by Michelle Griep
Not too long ago, Athol Dickson proposed the dilemma of how much sex to put in a ‘Christian’ novel. An interesting post that raised some viable questions about deciding how much leg to expose in a story that’s marketed to churchgoers…or at least put out by ‘Christian’ publishers. I would like to pose a similar dilemma, albeit more modestly dressed, which is every bit as cage-rattling—
Case in point, my latest release, UNDERCURRENT, is a period piece set in the Viking age. I’m talking pillaging barbarians here, not purple people eaters tossing around a pigskin. These ruffians wouldn’t think twice about bagging up your guts and sending them off as a warning to a neighboring village. And I won’t even mention what a Blood Eagle is. Oops. Did I say that out loud?
The point is…how does an author accurately portray documented atrocities? I’m not advocating gore for the sake of shock and awe, but vital plot scenes that show the evil side of human nature. Does one need to flufficise the bloody bits for the sake of the squeamish and demure?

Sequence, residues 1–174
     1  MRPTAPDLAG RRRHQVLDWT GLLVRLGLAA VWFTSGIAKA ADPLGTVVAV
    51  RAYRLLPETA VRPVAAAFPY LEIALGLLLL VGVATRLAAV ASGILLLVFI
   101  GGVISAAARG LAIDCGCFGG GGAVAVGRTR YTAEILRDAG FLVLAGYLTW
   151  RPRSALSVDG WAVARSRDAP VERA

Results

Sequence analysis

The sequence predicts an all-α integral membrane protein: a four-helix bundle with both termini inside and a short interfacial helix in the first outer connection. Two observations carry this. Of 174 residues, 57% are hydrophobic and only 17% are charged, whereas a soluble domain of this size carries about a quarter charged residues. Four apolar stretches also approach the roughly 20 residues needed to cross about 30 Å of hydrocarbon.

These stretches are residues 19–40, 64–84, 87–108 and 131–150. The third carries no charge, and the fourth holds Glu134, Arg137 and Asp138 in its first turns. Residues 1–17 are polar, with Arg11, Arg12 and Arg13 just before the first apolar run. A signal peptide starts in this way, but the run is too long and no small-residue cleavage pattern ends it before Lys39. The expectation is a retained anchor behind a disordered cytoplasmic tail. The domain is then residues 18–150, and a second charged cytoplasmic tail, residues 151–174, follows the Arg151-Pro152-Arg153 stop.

My opinion: write it like it is, keeping balance in mind. Not too popular of a stance, but at least allow me to explain how I drew this conclusion.
The Bible. Ever read it? It’s pretty graphic. Remember the chick who skewered a fella’s brains with a tent peg in Judges 4:21? The account didn’t go on for pages and pages of unadulterated carnage, but neither did it gloss over her act of violence.
And what about the whole crucifixion? It’s mentioned in more than one book of the gospels, down to the detail of poking a spear into Jesus’ side and spilling out his body fluids. Where are the censors that should’ve edited out that section or at least slapped on a PG-13 rating? Dare we allow our children to read about such nasty bloodletting?
The bottom line is that violence can be and should be rendered appropriately when necessary. It’s a part of life. This might be a newsflash, but not everything is rainbows and butterflies.
Will this limit your potential audience? Or put boundaries on your prospective market share? You bet it will, and you should know that up front. But here’s the deal…anything you choose to write about prevents some conceivable reader from picking up your book. Not everyone’s going to want to read about battle-axe wielding Vikings. But neither does everyone want to read about bonnet-brandishing Amish girls.
Michelle’s been writing since she first discovered Crayolas and blank wall space. She resides in the frozen tundra of Minnesota with 5 other mammals (both human and canine). And don’t forget to check out her debut novel, GALLIMORE…a Wizard of Oz tale with a Medieval Twist, available at Amazon or Black Lyon Publishing.